When to replace bike disc brake pads
Over time, all pads wear down. They wear especially fast when there is something adding to the friction, like mud or grit on the rotor. Generally, you can tell if a pad is worn by taking it out and looking at it. If the pad material is worn down thinner than 1.5mm or you can see the metal backer (stop riding right away… they’ve worn too far!), it’s time for new pads. Leaving this too long can result in a catastrophic loss of braking power, and damage your rotors. Make sure to check your pads often (I do it every time I charge my di2 or change my wheels).
How to bed in bike disc brake pads
Whichever pads you buy, make sure to bed them in properly. This process dramatically increases performance and longevity. If you haven’t bedded in pads before, the process is relatively simple. What you are trying to do is embed pad material all around the rotor, which helps generate friction. Find a clean area — you don’t want to embed dirt into your rotor. Roll up to a jogging speed and apply even pressure to the brakes, don’t lock up the wheel. Don’t come to a complete stop.
If you want to get fancy, SwissStop suggests this more involved process. Once you’re all bedded in, make sure to keep oil, grease, and any other liquid off your pads. With your pads selected, installed, and bedded in, you’re ready to enjoy the consistent and powerful braking that disc brakes provide.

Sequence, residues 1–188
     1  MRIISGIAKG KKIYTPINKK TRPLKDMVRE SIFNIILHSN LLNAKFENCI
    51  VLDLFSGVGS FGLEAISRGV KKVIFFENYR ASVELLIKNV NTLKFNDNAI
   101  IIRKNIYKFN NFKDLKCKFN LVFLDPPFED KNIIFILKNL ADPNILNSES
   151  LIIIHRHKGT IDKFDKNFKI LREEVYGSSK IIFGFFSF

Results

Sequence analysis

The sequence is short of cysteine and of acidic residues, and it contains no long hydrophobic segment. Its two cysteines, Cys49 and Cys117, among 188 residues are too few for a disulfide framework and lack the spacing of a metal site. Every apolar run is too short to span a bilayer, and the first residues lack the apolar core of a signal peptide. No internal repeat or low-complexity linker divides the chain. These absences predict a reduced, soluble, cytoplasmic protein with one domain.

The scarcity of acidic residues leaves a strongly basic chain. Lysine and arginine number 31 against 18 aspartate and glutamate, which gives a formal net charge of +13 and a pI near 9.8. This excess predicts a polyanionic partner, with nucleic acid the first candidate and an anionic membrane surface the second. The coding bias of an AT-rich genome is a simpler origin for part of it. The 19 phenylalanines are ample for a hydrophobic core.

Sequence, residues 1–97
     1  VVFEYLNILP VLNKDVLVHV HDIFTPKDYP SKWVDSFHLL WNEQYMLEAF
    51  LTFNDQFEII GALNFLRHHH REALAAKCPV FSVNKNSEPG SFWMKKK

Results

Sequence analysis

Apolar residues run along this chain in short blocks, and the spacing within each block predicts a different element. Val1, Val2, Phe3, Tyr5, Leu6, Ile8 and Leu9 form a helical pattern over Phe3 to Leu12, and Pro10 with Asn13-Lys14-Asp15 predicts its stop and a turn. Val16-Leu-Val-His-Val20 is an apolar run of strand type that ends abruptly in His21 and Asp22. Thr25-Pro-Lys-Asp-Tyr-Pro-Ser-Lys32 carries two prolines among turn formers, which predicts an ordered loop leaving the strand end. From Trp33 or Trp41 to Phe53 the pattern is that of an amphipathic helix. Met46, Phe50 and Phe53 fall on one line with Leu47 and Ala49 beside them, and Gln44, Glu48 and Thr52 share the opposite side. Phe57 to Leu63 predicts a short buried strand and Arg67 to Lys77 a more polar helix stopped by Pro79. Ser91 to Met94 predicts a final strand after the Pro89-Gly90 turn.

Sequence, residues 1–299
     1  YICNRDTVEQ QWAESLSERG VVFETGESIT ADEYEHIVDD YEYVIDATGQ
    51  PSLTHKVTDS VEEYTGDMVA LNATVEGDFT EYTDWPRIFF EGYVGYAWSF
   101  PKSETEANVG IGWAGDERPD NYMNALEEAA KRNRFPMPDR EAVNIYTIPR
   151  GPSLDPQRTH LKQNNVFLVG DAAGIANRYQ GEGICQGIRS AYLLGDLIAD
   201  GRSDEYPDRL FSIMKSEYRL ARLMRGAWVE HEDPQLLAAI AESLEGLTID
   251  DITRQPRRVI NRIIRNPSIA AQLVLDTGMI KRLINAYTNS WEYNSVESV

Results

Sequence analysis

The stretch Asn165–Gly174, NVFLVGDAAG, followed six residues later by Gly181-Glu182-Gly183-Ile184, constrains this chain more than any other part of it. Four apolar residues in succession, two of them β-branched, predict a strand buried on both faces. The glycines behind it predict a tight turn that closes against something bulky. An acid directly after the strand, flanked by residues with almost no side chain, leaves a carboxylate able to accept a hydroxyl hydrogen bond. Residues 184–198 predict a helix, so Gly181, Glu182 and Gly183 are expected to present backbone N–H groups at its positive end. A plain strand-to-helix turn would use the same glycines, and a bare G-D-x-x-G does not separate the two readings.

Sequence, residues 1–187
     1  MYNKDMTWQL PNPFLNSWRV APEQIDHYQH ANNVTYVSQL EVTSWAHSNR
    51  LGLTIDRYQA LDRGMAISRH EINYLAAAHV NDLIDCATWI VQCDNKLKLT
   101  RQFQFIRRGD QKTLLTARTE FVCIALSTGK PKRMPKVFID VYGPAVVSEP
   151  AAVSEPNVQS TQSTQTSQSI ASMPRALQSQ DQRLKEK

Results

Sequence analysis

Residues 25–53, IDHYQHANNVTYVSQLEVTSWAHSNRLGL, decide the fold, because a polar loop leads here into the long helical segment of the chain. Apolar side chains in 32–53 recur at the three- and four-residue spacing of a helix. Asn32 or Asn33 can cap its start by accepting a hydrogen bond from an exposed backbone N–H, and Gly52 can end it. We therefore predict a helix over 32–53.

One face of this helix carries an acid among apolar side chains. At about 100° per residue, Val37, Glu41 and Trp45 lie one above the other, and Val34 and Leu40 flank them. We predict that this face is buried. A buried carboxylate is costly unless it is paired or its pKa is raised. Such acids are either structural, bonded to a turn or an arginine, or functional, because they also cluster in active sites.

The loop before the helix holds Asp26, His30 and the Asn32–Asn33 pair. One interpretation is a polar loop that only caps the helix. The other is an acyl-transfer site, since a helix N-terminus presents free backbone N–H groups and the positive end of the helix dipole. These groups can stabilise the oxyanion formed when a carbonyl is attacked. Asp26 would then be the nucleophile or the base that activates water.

So which replacement pads should you pick? The answer to this depends on you and your riding. First, you want to make sure the pads fit your calipers. Shimano, SRAM, and SwissStop all offer handy charts or tools for this. If you’re a bigger rider who likes to drag their brakes and you notice brake fade on mountain descents, metallic finned pads (and perhaps larger rotors) are the way to go. If you’re a crit racer and want reliable braking into corners, organic pads are the best choice.
You don’t have to use the same pads on each wheel either, although this might take some getting used to. Some mountain bikers run a metallic pad in the rear, where the pads tend to get dirtier and where longevity is more important than performance, and then use an organic or semi-metallic pad up front for performance. Personally, I run organic pads on my road bike and metallic pads on my gravel or bikepacking bike where wear is more of a concern. I also carry a spare set of pads in my saddlebag, because I once burned through a set of pads at night in Rwanda, a very long way from a bike shop. I genuinely thought I might die. I never want to see sparks coming off my rotor again, and I am more than willing to pay the slight weight penalty for hauling around a set of pads in a zip lock bag!
[button]Shop all brakes[/button]